But I certainly don't just run with an 'accepted answer' as if it is the truth or even as if it resolves the question. For me, the answers here are a great start. I learn a lot from the community and hopefully they've also benefited from my insights and research. But for the most part, it's just one piece of the textual puzzle in my tradition. For my tradition, personal holiness is also a factor in interpreting scripture, as is Patristic consensus. So I don't ask questions looking to find "truth," I'm just looking to glean some insights along the way to truth. Also, as an Eastern Christian, I don't view Truth as an abstract concept as it seems to be presented in Western thought. For me, truth is a person. Seeking Him on a Q&A site would be silly. But the Q&A site often teaches me some great things that help me along the way as I continue to journey.
A Point-By-Point Response
I want to interact with someone who I may deem to be in error for the purposes I stated above, namely that I may glean linguistic, philological, cultural, and historical insights from the text that I would otherwise possibly never encounter. I taught as an adjunct professor at a state university for a few semesters, and my students were often dead wrong about a great many things. And yet I still learned a lot from them. The danger when we close ourselves off from outside opinions is groupthink.2 Evangelicalism is historically notorious for its anti-intellectualism and groupthink tendencies. This is often reinforced when universities formulate along doctrinal lines and students are essentially indoctrinated rather than taught to think and critically evaluate research.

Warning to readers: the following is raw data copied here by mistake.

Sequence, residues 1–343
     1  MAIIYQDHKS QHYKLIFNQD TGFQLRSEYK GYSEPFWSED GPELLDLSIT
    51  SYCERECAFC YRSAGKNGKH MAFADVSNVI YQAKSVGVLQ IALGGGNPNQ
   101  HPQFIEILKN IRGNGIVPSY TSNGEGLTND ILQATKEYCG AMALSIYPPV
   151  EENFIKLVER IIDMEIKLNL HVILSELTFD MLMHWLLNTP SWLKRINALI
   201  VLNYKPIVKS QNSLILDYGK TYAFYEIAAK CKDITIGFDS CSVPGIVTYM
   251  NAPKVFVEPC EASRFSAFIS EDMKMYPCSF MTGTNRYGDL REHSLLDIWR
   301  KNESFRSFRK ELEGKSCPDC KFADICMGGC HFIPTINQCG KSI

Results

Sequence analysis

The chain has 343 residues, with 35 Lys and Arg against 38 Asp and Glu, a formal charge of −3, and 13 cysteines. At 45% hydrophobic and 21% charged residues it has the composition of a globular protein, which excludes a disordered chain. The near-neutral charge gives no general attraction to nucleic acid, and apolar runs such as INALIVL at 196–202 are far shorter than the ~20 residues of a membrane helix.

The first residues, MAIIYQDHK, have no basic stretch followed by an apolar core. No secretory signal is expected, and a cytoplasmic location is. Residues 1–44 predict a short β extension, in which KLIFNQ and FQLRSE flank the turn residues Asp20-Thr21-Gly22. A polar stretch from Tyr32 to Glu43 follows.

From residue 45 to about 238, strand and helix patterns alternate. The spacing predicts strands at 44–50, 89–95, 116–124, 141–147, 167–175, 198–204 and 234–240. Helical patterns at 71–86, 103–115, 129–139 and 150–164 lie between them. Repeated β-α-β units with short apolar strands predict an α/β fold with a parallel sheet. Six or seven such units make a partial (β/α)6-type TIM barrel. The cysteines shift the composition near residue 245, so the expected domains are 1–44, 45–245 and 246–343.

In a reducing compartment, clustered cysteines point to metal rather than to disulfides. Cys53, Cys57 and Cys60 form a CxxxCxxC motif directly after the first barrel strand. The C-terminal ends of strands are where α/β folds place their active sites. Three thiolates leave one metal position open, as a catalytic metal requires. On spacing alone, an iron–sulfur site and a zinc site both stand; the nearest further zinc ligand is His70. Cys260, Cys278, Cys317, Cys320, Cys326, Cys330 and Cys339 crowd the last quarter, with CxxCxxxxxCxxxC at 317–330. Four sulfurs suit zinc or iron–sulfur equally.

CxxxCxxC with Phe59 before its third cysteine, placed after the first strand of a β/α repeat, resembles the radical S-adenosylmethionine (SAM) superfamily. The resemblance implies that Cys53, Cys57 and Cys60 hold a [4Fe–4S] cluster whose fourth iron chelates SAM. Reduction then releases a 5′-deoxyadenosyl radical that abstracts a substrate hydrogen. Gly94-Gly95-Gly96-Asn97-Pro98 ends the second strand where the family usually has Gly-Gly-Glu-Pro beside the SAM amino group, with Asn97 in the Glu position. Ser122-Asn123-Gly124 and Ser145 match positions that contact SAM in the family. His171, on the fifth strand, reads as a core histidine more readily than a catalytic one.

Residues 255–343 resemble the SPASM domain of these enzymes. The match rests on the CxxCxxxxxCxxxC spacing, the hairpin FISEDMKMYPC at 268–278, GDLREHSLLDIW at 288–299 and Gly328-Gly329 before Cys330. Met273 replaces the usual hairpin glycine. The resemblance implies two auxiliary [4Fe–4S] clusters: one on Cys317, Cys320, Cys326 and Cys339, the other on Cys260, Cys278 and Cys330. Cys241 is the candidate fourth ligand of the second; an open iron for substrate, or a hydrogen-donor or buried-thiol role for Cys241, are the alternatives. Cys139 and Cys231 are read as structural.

Consider the flip-side of this point. By refusing to participate, a particular way of interpreting and understanding the scriptures will never be shared with many in the outside world. Remember, most people don't get their biblical answers from seminary (most will never attend), they get them from Google. And this site ranks near the top for the questions and texts it addresses (we average 1,134 visits per day currently). By withdrawing from a site such as this, your voice and perspective won't be heard by many who may never set foot in one of your churches or seminaries. Consequently, they may never realize an alternate way of interpreting the text exists apart from the answers they find here.